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When we look at the surnames prevalent in other Kingdoms, they appear to be based on whatever object that Kingdom is famously associated with:

  1. Snow for North because of their severe winters and summer snows. Basically they have Snow the whole year.

  2. Hill for Westerlands because the country is full of hills.

  3. Flowers for Reach because the country is famous for its fertile lands, gardens and vineyards.

  4. Storm for Stormlands because the Kingdom is famous for its violent and frequent Storms.

  5. Rivers for Riverlands because of the mighty River Trident and its tributaries that water this Kingdom.

  6. Sand for Dorne because it is the only part of Westeros which has deserts.

  7. Waters for Crownlands seems to be fairly new and presumably that refers to the Narrow Sea it adjoins and the fact that it has major ports like Duskendale, King's Landing, Driftmark, Dragonstone etc.

  8. Stone for Vale (Vale and Mountain is the full name) because of all her mountains and stony terrains.

"Pyke" stands out in this company because it is an Island on the Iron Islands. One might have expected the bastard surname for Iron Isles to be something like Iron for their Iron mines or Salt for all the Sea-salt. Or is it just how the Westerosi spell the Pike fish?(No the Pike fish is Pike in ASOIAF) What does GRRM say about this?

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  • 1
    Same question on Reddit and aFoIaF. No canonical answers.
    – Rand al'Thor
    Commented May 9, 2019 at 8:43
  • 6
    Don’t tell him! Commented May 9, 2019 at 9:18
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    The way I saw it, Iron born saw legitimity and family differently than the rest of Westros. In this case It seems they have better opinions of 'Naturals children', so instead of giving them the name of the ground, they give them the name of the castle.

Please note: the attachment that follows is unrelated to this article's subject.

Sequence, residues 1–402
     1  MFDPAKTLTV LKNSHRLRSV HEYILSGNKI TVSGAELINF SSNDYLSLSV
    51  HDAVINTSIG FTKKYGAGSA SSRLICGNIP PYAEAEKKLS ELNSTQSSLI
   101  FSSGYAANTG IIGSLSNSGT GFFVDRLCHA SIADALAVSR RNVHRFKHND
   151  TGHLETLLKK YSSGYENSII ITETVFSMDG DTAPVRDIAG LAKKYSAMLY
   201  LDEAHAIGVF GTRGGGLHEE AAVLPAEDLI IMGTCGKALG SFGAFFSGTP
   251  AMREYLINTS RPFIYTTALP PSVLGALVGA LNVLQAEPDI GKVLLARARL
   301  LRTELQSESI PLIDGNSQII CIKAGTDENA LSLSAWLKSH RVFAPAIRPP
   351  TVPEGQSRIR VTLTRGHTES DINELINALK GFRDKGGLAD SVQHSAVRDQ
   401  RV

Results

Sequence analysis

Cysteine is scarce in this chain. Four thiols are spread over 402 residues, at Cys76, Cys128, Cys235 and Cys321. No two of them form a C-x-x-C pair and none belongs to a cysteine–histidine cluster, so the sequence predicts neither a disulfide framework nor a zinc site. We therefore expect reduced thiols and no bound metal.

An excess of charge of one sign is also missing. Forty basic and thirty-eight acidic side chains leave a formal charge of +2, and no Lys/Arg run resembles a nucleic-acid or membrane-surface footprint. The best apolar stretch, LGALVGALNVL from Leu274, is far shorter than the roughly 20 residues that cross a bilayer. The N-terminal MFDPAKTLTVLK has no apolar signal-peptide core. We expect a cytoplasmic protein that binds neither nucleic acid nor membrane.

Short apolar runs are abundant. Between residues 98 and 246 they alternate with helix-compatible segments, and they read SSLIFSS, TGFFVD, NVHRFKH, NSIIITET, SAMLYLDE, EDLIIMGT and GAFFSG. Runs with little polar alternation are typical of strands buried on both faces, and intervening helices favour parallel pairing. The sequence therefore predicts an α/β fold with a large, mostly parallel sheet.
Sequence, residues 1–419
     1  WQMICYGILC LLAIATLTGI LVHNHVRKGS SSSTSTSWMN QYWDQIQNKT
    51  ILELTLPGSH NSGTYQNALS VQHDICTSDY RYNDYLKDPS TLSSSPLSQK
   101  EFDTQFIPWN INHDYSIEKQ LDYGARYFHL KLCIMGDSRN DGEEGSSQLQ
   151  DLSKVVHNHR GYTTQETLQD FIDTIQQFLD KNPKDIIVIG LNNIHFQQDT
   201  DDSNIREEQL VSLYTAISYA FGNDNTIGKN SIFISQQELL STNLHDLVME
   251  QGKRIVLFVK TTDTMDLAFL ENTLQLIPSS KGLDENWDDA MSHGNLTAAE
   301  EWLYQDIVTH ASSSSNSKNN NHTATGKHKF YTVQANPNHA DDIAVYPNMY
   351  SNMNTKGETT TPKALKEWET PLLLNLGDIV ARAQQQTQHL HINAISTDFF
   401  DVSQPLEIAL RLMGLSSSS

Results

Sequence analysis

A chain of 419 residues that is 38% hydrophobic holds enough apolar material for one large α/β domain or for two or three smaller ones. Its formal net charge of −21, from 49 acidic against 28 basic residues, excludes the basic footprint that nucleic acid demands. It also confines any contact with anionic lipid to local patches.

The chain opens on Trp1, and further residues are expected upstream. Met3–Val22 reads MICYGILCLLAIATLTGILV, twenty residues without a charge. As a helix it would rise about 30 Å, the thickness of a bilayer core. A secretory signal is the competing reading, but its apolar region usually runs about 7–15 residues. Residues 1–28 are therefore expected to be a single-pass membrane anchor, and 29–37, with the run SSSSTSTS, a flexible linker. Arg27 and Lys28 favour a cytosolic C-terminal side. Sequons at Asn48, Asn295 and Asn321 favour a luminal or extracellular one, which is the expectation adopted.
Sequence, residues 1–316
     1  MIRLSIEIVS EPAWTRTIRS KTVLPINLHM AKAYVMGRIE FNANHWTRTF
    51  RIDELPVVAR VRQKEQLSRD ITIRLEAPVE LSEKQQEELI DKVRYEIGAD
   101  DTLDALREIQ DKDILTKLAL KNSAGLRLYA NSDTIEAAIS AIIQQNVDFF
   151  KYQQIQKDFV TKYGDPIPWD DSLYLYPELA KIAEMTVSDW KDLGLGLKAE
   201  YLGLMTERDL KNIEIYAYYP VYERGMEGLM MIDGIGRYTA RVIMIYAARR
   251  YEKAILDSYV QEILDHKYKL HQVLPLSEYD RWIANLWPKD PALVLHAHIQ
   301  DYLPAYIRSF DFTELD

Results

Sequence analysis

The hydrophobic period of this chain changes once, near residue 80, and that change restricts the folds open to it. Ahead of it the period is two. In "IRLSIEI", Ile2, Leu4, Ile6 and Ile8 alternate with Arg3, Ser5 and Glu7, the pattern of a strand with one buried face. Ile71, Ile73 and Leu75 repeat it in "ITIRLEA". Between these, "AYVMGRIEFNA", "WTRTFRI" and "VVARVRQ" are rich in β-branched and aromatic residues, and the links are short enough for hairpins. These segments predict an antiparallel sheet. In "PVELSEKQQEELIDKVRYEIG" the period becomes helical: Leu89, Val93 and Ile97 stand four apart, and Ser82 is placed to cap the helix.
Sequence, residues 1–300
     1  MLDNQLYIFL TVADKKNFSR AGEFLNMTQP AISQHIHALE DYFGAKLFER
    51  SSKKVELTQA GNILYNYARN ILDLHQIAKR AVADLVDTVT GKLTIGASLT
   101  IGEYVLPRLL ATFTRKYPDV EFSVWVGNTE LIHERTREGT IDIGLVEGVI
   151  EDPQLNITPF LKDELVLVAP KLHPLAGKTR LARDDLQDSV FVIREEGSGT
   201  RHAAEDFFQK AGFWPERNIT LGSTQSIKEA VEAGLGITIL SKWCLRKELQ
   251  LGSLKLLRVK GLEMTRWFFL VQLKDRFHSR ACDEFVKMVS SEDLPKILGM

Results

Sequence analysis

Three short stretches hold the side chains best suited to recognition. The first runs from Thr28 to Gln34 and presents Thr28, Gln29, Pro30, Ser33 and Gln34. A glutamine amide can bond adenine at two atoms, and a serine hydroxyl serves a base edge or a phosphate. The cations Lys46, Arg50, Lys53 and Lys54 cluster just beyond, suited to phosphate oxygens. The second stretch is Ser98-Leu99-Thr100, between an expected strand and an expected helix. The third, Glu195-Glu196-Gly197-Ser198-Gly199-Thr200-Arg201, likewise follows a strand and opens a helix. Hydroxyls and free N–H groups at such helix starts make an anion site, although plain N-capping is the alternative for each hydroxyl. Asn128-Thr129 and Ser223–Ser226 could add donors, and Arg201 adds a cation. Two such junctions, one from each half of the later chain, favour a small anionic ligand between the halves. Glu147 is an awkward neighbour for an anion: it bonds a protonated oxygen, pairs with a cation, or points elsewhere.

– dna
    Commented May 9, 2019 at 11:50
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    I think the common factor in all those names is that they are defining geographical features of the kingdom(s), but also they sound nice. Pyke, being one of the most definitive features of The Iron Isles makes sense here. Besides, it's nicer sounding than many of the alternatives from that place.
    – Möoz
    Commented May 9, 2019 at 23:45
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    Pike is a freshwater fish though
    – Sitethief
    Commented Aug 11, 2023 at 14:17

1 Answer 1

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Unknown, but probably because of how it sounds.

I have not found any evidence for why GRRM chose 'Pyke' as the bastard name on the Iron Isles.

When you say "One might have expected", you are making an assumption. I believe that GRRM just went with what "sounds nice", as he tends to do:

Bale: Where do you get the names of your characters?

GRRM: I make them up. In many cases, they are variants of real names -- Eddard for Edward, for example. They have to have the right "sound," though. It is hard to explain... and hard to do as well.

Bale: I am a big proponent of the theory that "names have power". Not in the fantasy sense, where the holder of a true name can make you stand on your head or somesuch, but in the phonetic sense, for lack of a better description. I feel that names can evoke a feeling about a character, describe a character, better than a whole page devoted to just that.

GRRM: I agree.

You should read some Jack Vance. He's marvelous with names. Tolkien was very good as well.

Bale: So, Where do you get the names of your characters? How do you come up with them? Do you TRY to give characters names that will evoke feelings in the mind of the reader, or is that just a lucky coincidence?

GRRM: You want the names to be evocative, yes.

- So Spake Martin, #1235 [emphasis mine]

Also, in-universe "Pyke" is synonymous with the Iron Isles, so it would definitely fit within the reason of identifying a bastard from a specific location.

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    The final paragraph is pure circular reasoning. It's only synonymous with the Iron Isles because it's their bastard surname.
    – OrangeDog
    Commented Feb 6 at 9:31
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    Pyke is not synonymous with the Iron Islands; it's the name of the Greyjoy castle. The use of "Pyke" as the noble bastard name would be a case of metonymy (name of the castle -> name of those who live there -> name of those produced by those who live there).
    – chepner
    Commented Feb 6 at 14:54

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